(Immigration and Asylum Chamber) Appeal Number: UI-2023-001027
First-tier Tribunal: RP/50004/2022 & LR/00066/2022
THE IMMIGRATION ACTS
Heard at Field House
Decision & Reasons Issued
On 18 July 2023
On 4 August 2023
UPPER TRIBUNAL JUDGE KAMARA
DEPUTY UPPER TRIBUNAL JUDGE J F W PHILLIPS
SECRETARY OF STATE FOR THE HOME DEPARTMENT
For the Appellant: Mr E Terrell, Senior Home Office Presenting Officer
For the Respondent: Mr P Georget, Counsel instructed by Malik and Malik Solicitors
DECISION AND REASONS
1. This is an appeal by the Secretary of State against the decision of the First-tier Tribunal (Judge Rodger) in which the Judge allowed the appeal of the Appellant (as she then was), a citizen of Albania, against the Secretary of State’s decisions to cease refugee status and to refuse asylum and leave to remain on human rights ground. Although the Secretary of State is the appellant in this appeal we shall refer to the parties in this decision as they were referred to by the First-tier Tribunal.
2. The sole ground of appeal is that the First-tier Tribunal Judge erred in law by failing to give reasons or adequate reasons for findings on material matters. Permission to appeal was refused by the First-tier Tribunal but was granted by Upper Tribunal Judge Macleman on 15 June 2023 on the basis that the grounds (summarised by Judge Macleman as “the tribunal overlooked the explanation for evidence being extracted into a letter from the British Embassy in Tirana”) qualify for debate.
3. At the hearing before us Mr Terrell applied to amend the grounds to include a failure to give adequate reasons in respect of the Judge’s treatment of the background evidence of the prevalence of blood feuds and a potential deception by the Appellant as to her contact with her husband. Mr Georget made no substantial objection to the application and in the interests of ensuring that all potential errors were considered we allowed the application.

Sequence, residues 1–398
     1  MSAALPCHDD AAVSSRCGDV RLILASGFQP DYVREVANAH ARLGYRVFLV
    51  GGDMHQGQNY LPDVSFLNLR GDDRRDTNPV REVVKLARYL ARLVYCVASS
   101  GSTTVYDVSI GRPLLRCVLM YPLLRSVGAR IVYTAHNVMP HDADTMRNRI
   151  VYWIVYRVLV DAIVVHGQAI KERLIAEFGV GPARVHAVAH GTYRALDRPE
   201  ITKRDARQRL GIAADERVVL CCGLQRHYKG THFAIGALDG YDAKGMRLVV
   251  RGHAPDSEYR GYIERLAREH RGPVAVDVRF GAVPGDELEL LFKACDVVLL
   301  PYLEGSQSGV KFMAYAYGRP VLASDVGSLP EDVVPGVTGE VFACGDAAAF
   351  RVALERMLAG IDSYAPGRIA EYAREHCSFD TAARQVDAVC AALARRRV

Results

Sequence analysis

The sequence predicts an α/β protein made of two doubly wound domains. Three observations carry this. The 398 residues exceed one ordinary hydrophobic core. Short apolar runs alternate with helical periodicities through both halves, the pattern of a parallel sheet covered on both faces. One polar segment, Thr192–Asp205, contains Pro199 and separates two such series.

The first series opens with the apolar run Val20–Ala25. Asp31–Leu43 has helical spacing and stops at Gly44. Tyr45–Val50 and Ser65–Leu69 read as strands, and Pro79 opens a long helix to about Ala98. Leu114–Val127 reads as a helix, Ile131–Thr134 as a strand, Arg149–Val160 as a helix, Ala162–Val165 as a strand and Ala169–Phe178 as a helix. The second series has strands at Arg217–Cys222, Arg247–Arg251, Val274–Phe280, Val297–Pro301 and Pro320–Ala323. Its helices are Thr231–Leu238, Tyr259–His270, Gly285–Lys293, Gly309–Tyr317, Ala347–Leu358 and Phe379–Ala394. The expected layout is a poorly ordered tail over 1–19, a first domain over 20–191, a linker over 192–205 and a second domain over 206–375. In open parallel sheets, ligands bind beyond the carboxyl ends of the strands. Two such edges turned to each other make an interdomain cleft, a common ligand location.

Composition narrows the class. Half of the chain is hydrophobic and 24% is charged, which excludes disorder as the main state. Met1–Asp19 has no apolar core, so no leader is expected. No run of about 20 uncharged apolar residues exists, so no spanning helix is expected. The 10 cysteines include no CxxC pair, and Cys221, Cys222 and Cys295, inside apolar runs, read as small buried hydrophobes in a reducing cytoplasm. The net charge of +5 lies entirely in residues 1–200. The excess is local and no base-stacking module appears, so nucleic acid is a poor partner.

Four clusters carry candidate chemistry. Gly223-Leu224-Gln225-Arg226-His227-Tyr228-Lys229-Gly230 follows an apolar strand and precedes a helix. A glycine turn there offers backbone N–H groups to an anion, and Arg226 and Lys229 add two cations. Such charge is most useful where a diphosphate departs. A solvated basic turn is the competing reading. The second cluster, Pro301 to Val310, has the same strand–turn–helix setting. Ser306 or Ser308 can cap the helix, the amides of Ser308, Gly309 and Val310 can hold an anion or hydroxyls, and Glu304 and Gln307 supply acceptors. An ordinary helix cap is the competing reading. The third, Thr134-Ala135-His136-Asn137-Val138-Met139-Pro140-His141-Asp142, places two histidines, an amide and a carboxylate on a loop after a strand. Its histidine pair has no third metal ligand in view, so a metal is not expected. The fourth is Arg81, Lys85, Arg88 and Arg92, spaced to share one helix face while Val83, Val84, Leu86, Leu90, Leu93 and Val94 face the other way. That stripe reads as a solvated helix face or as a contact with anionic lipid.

4. For the Secretary of State Mr Terrell referred to the application to amend the grounds of appeal. He said that in relation to blood feuds the judge had preferred the figures put forward by NGOs when the CPIN showed that the government figures were more accurate. This was a failure to take account of material evidence. The letter from the Embassy gives information about the sources of the evidence taken into account and although the Judge says that no screenshot of Total Management Information Systems (TIMS) was provided the fact that the United Kingdom government has friendly diplomatic relations with the Albanian government should mean that the information supplied to the Embassy can be relied upon. So far as contact with her husband was concerned the Appellant said she had no contact whereas his application shows he entered the United Kingdom on the same day as her. The Judge makes no decision on whether the Appellant intended to deceive in this respect. If the decision maker had known that the husband arrived on the same day the decision may have been different.
5. For the Appellant Mr Georget pointed to paragraph 339AB of the Immigration Rules and said that any misrepresentation needed to be decisive to the grant of refugee status. The letter from the Embassy only refers to the “relevant law enforcement agencies” with no specificity. It is not simply the lack of a screenshot. The source is unclear. How could the relevant law enforcement agencies say there was no blood feued? If this was reliable the best that could be said would be no information or record of any blood feud. So far as the prevalence of blood feuds is concerned the decision makes it clear that the Judge has considered both the CPIN and the NGO figures.
6. The Appellant is a 51-year-old citizen of Albania who arrived in the United Kingdom in 2014 and claimed asylum. Her asylum claim was granted by the Secretary of State on 22 January 2015 with leave to remain for 5 years. Her application to extend that leave to indefinite leave to remain was refused, refugee protection was ceased and her renewed protection and human rights claims refused and these are the decisions that came before Judge Rodger on appeal and were allowed. The Appellant’s husband and daughter are dependent upon her appeal.
7. The Secretary of State’s appeal against the decision of the First-tier Tribunal is based on inadequacy of reasoning but relies on three particular matters. We will deal with each in turn.